It wasn’t until the next day they were both cast as they’d hoped: Tolbert as Hanschen, Gonzales as Ernst. It’s a dynamic that has been fed by their own relationship.

“It was a lot easier to do once we started rehearsals,” Tolbert says. “We didn’t need to choreograph the kiss. But we like [recreating] the awkwardness of the seduction — even though Hanschen is the seducer, it’s his first time, too.”

Still, art does not imitate life — at least not in this instance.

“Ernst is a little confused throughout most of the show, because he’s not exactly sure what he wants, but ultimately he just wants someone to be intimate with,” Gonzales says. “The tragedy is that Hanschen just wants someone to have fun with.”

In real life, the couple is truly committed. Gonzales is still in school in Waco, meaning he has to commute several times a week to attend rehearsals. When he’s able, he stays in town with Tolbert. Well, sort of — they both stay at Tolbert’s parents’ house, though in separate rooms.

“It’s interesting because our families don’t know we’re gay — we just came out to our close friends this summer,” Tolbert explains.

That’s likely to change soon. Especially after opening night.

“Obviously there’s a little chemistry — how could there not be?” Gonzales admits. Tolbert agrees the friends and family they are not out to yet will probably figure it out. But until they do, it’s enough to combine work and romance.

“It’s great we can share [the kiss]. I trust him completely… and I don’t want him to kiss another guy. Our goal is never to have our understudies go on,” Gonzales says.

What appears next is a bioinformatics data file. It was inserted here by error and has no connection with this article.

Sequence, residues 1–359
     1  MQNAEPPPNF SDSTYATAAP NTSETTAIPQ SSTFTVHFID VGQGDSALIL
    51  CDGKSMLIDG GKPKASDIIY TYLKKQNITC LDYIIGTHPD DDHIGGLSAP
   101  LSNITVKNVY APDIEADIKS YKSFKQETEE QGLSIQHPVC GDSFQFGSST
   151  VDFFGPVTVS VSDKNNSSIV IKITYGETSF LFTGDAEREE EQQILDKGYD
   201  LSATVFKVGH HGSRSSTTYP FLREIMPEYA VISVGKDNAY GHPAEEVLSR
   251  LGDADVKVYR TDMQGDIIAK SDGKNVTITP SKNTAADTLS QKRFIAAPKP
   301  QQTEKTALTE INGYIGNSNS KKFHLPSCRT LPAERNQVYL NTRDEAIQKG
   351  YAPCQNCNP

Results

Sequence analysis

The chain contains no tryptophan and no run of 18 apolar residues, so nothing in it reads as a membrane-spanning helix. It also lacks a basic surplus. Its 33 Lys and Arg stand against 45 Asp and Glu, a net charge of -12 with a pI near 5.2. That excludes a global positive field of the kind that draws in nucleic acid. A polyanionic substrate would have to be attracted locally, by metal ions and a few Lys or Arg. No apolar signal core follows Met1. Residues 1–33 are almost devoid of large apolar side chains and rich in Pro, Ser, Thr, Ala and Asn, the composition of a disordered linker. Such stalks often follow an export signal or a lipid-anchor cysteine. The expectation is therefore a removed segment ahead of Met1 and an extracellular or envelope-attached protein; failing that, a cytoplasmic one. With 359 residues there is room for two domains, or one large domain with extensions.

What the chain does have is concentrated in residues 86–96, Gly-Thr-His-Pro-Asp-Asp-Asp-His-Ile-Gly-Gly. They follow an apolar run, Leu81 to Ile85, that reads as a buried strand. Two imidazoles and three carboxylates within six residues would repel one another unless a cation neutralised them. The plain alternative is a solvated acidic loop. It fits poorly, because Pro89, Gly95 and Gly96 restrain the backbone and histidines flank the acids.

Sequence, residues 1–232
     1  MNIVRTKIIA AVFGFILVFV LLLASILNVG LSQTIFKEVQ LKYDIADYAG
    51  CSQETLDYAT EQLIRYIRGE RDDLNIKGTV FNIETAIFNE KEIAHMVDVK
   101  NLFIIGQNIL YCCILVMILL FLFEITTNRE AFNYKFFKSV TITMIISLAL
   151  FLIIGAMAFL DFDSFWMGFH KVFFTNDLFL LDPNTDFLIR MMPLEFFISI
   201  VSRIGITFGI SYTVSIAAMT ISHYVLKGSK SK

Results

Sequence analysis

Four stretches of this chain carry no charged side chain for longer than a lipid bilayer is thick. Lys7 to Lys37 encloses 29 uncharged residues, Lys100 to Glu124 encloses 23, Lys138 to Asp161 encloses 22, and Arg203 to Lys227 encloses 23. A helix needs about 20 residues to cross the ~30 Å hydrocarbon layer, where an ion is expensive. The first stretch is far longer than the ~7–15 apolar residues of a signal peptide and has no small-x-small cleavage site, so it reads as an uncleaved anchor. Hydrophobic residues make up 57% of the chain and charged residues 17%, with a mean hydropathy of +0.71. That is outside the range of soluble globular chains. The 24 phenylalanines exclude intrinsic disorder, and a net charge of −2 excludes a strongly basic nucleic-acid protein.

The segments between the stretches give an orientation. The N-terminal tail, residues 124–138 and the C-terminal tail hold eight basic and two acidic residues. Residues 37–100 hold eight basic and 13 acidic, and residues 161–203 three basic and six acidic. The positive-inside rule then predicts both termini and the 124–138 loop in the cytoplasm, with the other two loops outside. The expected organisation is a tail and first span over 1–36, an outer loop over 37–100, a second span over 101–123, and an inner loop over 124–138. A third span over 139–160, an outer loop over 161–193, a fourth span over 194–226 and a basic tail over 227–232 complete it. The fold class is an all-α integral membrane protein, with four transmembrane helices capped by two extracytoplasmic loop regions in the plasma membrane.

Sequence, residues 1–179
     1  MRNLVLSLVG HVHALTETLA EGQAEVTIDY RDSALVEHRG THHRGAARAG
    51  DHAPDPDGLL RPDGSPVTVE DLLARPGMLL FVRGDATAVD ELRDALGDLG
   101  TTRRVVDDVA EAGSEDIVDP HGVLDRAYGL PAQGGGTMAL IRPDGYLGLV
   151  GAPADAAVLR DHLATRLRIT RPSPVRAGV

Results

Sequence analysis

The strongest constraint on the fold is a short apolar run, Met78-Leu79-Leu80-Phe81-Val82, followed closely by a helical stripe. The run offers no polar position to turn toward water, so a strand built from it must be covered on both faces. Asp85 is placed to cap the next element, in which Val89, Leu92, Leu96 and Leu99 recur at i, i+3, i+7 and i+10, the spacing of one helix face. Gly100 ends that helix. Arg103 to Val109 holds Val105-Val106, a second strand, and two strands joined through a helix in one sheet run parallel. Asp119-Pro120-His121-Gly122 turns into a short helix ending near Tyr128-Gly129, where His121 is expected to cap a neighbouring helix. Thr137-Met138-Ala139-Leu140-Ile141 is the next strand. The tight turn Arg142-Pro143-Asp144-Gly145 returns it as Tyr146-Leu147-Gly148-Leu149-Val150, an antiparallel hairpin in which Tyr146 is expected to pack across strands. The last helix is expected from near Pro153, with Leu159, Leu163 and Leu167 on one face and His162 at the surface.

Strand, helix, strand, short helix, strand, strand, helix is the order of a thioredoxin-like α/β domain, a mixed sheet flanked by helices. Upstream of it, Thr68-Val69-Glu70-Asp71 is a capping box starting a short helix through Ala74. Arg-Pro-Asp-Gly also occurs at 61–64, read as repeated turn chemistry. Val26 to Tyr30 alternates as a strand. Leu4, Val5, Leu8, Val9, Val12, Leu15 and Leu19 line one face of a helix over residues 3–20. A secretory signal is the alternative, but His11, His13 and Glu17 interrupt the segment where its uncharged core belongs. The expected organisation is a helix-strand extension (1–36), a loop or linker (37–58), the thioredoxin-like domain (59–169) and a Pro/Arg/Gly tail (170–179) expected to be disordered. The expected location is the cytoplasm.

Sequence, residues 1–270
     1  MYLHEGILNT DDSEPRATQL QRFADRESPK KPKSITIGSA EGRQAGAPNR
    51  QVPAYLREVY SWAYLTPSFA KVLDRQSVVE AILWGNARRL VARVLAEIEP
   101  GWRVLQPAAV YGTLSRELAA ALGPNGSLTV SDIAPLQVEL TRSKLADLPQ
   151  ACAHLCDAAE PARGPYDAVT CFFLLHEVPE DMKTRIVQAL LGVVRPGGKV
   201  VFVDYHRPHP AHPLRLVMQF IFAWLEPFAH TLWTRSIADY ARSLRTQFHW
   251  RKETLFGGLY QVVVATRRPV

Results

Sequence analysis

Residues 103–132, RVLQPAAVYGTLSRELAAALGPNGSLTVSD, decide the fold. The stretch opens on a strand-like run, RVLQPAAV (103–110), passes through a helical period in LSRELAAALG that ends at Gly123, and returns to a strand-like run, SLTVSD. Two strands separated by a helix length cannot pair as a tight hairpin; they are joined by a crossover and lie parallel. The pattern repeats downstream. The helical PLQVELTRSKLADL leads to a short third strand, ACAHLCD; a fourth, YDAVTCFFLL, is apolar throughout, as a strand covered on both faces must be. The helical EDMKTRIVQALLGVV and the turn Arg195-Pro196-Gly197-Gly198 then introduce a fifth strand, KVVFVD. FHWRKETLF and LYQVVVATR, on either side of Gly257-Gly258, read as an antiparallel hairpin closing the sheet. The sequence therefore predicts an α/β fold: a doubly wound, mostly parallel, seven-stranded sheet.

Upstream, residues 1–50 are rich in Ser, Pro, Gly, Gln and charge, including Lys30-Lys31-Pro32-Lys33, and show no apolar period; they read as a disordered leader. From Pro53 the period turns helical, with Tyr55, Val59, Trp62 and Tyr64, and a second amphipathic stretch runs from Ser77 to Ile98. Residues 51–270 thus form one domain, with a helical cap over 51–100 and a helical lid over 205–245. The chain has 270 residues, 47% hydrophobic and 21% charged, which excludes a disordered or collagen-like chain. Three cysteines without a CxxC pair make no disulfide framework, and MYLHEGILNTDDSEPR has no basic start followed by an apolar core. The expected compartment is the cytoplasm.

Ah, young love… .

This article appeared in the Dallas Voice print edition September 30, 2011.

—  Kevin Thomas

Maryland senator does a 180 on gay marriage

Sen. Jim Brochin

Maryland State Sen. Jim Brochin, a Democrat, used to say that while he supported civil unions for same-sex couples, he did not support full marriage rights for those couples. This week, he changed his mind and said he will vote for legislation giving full marriage rights to same-sex couples.

Why? Because he listened.

First of all, Brochin listened to the stories of same-sex couples when they testified during public hearings in favor of the proposed Religious Marriage and Civil Marriage Protection Act. But most importantly, he listened to those who testified against the bill. And he was appalled by what he heard.

“The people who are against the bill, all they did was demonize homosexuality, call them pedophiles, androids, and I just, I can’t oppose the bill and be on the same side as people who would do that,” Brochin told AM 630 WMAL radio in explaining his change of heart. “It’s destructive, it’s insulting to the same-sex families who are trying to raise their kids.”

The bill needs 24 votes to pass the Maryland Senate and 29 to avoid any debate. Brochin’s decision makes him the 21st senator to publicly pledge support, and he said this week he believes the bill has a good chance of passing.

—  admin